Over the past week or so, Apple has eased some longstanding restrictions that helped make its App Store into a big moneymaker for the company.
The company has long required app developers to pay high commissions to Apple on the sales of paid apps as well as purchases of subscriptions or digital items inside their apps.
Apple is facing some significant pressure to open up the App Store further. A federal judge is soon expected to return a verdict in an antitrust lawsuit filed by Epic Games, the maker of Fortnite, that seeks to strike down much of Apple’s commission system. And earlier this week, the South Korean legislature passed a law that would allow developers to sidestep payment systems run by both Apple and Google — and the commissions of 15% to 30% they charge.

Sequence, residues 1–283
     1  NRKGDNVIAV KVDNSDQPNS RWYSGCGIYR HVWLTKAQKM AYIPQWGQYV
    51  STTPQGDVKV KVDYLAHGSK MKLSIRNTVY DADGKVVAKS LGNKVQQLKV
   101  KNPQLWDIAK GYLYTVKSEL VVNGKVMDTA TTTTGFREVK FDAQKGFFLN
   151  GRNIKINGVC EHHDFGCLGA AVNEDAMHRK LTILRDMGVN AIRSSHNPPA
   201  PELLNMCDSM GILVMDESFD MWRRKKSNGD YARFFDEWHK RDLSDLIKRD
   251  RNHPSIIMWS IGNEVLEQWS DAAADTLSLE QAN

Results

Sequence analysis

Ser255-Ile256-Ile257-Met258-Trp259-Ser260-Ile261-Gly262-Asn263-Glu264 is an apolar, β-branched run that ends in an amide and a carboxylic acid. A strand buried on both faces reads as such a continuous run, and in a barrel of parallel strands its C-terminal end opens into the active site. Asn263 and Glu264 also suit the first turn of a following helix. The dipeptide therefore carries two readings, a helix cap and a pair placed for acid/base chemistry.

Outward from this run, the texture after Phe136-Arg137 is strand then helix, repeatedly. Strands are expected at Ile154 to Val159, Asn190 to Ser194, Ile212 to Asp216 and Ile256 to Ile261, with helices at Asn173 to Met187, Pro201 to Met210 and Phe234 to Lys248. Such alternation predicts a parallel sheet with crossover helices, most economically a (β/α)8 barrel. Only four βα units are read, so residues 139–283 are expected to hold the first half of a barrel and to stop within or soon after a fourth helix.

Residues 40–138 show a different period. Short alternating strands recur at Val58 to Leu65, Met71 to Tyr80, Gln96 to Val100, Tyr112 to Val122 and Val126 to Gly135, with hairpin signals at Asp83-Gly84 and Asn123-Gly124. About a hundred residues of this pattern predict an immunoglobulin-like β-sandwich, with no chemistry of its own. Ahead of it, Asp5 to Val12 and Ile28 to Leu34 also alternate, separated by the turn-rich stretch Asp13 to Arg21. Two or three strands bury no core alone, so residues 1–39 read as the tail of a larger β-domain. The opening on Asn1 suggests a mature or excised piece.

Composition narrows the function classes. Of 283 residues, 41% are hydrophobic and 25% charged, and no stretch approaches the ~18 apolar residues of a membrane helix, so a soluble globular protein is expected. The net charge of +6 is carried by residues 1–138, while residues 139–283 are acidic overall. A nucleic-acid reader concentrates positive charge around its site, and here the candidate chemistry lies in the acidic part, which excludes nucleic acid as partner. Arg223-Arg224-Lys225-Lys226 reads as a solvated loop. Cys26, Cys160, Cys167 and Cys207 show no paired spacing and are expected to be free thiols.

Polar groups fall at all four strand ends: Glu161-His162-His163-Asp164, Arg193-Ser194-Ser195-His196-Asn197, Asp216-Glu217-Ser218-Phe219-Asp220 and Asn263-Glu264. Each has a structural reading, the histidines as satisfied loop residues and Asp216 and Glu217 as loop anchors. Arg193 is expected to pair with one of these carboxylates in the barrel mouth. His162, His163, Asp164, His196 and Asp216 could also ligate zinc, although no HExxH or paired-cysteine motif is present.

But Apple hasn’t always explained its moves very clearly, leaving some iPhone users with unanswered questions as to what exactly Apple is doing and whether and how they’ll be affected.
SO WHAT EXACTLY IS APPLE DOING?
Late Wednesday, Apple agreed to App Store changes starting next year to resolve an investigation by Japanese regulators. For the first time, Apple will allow Spotify, Netflix and other apps that sell digital subscriptions to music, video, magazines, newspapers, books and audio to include an in-app link to their own sites, where users can sign up outside Apple’s payment system.
Apple took a more limited step in the same direction last week when it agreed to let app developers email their users about ways to sidestep Apple when signing up for subscriptions. Such efforts could previously have gotten apps kicked out of Apple’s store. That change resulted from a preliminary settlement in a class-action lawsuit that still requires court approval.